At postmortem, body weight was 5th centile, crown-rump and foot lengths <3rd centile, and OFC 10th centile (for 35 weeks' gestation). Increased subcutaneous tissue of the face and neck, lax skin of the trunk and limbs, deep palmar and plantar creases and perianal papillomata were present. Consent for internal examination was limited to lung biopsy. The right upper and middle lobes were removed and appeared heavy, solid, and airless. Histology of formalin-fixed sections (Fig. 2d–f) showed a diffuse developmental disorder: development was arrested in the canalicular stage, normally seen at 17–27 weeks' gestation [Langston and Dishop, 2009]. The pulmonary veins were not misaligned, and capillary density and apposition were normal, thus the features were not of alveolar capillary dysplasia [Melly et al., 2008]. Delayed maturation was in keeping with congenital alveolar dysplasia (CAD) [MacMahon, 1948]. The radial alveolar count was normal (3; mean expected for 32–35 weeks: 3.2 ± 0.9 [Emery and Mithal, 1960]), and there was no lymphangiectasia.

Patient 3

This baby girl was the product of an IVF/ICSI pregnancy using a donor ovum from a healthy 29-year-old British Caucasian woman, due to failure of spontaneous conception by her 48-year-old mother and 61-year-old father. The parents had a previous naturally conceived child with non-disjunctional trisomy 21, born when the mother was 42 years old.

Fetal macrosomia was identified at 20 weeks' gestation. By 33+4 weeks, very marked polyhydramnios was present, with head and abdominal circumferences well above the 97th centile, but femoral lengths below the 50th centile, and evidence of gross hepatomegaly. The kidneys were not visualized, but neither an abdominal wall defect nor macroglossia were detected. Gestational diabetes was diagnosed at 24 weeks' gestation, but was well controlled with insulin and diet (HbA1c 5.4%), and hence considered unlikely to be a significant contributor to the abnormalities identified on ultrasound.

Emergency cesarean was undertaken for fetal distress after spontaneous onset of labor at 36+4 weeks. Meconium stained liquor was present, and there was no respiratory effort at birth. Apgar scores were 41 and 65. Marked macrosomia was present, with birth weight (4,070 g) and OFC (37.3 cm) both greatly above the 99.6th centile. She was blue and hypotonic, with a small thorax, and required resuscitation, intubation, and ventilation. Marked respiratory distress necessitated ongoing ventilatory support with high oxygen requirements and a diaphragmatic breathing pattern reflecting laryngomalacia and hypotonia. A diagnosis of CS was considered, given her macrosomia (Fig. 1c,d), disproportionally large head with prominent forehead, depressed nasal bridge with anteverted nares, coarse facial appearance and low set, fleshy ears (Fig. 1e,f). Her protuberant abdomen, narrow thorax with widely spaced nipples, deep palmar and plantar creases, deep set nails and bilateral talipes equinovarus, with wrists held in fixed flexion, were also in keeping with this.

On day 6, she developed a tachycardia of 200 beats/min. ECGs showed abnormal P wave morphology with multifocal atrial tachycardia, or sinus tachycardia with intermittent atrial tachycardia. Echocardiography (having been normal on day 2) then showed ventricular hypertrophy, massive tricuspid regurgitation and an abnormal pulmonary outflow tract. Subsequent echocardiograms showed worsening biventricular concentric hypertrophy, particularly affecting the right ventricle, and evidence of secondary pulmonary hypertension. Cardiomegaly and features of pulmonary edema were also seen on chest X-ray. Skeletal survey confirmed a narrow ribcage but no other abnormalities, cranial ultrasound scan was normal, and karyotype was 46, XX. Hepatosplenomegaly persisted postnatally, with fluctuating conjugated jaundice and raised transaminases after initially normal liver function tests. She also developed sepsis, anemia, and hyponatremia with high urinary sodium losses and elevated urinary vanillylmandelic acid. In view of increasing ventilatory requirements and poor prognosis, the decision was reached with her parents to discontinue intensive management and she died shortly afterwards on day 39. No postmortem examination was conducted.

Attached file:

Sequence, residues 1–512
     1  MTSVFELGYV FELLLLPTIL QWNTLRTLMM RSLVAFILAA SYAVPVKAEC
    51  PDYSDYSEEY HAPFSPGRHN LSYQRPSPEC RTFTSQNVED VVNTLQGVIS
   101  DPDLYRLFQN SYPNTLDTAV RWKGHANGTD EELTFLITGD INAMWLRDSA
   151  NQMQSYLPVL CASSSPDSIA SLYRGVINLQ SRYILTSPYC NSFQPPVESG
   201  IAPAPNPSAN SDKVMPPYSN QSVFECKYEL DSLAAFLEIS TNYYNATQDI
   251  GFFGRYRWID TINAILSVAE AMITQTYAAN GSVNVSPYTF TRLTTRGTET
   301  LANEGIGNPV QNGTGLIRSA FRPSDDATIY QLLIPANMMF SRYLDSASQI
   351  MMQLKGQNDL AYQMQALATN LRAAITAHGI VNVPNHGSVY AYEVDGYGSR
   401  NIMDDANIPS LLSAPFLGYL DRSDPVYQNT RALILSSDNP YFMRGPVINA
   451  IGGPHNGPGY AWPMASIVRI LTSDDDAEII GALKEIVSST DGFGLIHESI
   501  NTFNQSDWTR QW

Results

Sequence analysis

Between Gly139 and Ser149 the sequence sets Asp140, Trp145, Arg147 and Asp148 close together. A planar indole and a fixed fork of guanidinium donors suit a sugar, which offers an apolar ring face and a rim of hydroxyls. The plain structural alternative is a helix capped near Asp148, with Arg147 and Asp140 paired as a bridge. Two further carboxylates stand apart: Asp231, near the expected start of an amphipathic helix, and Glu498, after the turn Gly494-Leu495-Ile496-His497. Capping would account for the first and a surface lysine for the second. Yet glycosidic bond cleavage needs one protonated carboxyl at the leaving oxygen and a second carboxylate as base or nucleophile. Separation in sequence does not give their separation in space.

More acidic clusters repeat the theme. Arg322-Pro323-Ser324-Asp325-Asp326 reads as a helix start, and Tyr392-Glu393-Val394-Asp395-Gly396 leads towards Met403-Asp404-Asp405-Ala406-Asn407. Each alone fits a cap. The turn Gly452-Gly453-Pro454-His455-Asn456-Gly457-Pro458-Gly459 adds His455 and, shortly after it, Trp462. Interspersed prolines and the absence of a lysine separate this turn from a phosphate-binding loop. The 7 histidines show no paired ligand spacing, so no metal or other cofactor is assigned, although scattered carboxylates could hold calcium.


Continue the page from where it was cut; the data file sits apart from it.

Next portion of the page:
Patient 4

This girl was the first child of non-consanguineous British Caucasian parents, the father and mother aged 24 and 22 years, respectively, at the time of conception. Polyhydramnios was noted on ultrasound at 27 weeks' gestation, though this was not seen at 28 weeks, when premature labor occurred. Two doses of dexamethasone were administered before spontaneous vaginal delivery of the baby, who weighed 1,377 g (75th–91st centile). Meconium was present and she made no spontaneous respiratory effort. She was intubated at 7 min and received surfactant (Curosurf). Respiratory distress syndrome was treated with mechanical ventilation until day 8. Reintubation and ongoing ventilation became necessary on day 10. Chest X-ray showed persistent right upper lobe collapse. Echocardiography on day 15 showed a very thick intraventricular septum and thick ventricular walls, and hypertrophic cardiomyopathy was diagnosed. Cranial ultrasonography demonstrated bilateral periventricular flare. She remained parenterally fed, became increasingly difficult to ventilate, and died on day 17.

Subtle dysmorphic features had been noted, including a short neck with possible webbing, widely spaced nipples and rhizomelic shortening of the limbs. Karyotype was 46, XX and PTPN11 mutation analysis was normal. Eight years later, the family was referred to the genetics service for investigation of a male sibling with developmental delay and dysmorphic features (for whom a diagnosis is still not established). On the strength of a family photograph of the patient, taken after withdrawal of treatment, the diagnosis of CS was considered and her stored DNA was sent for HRAS mutation analysis.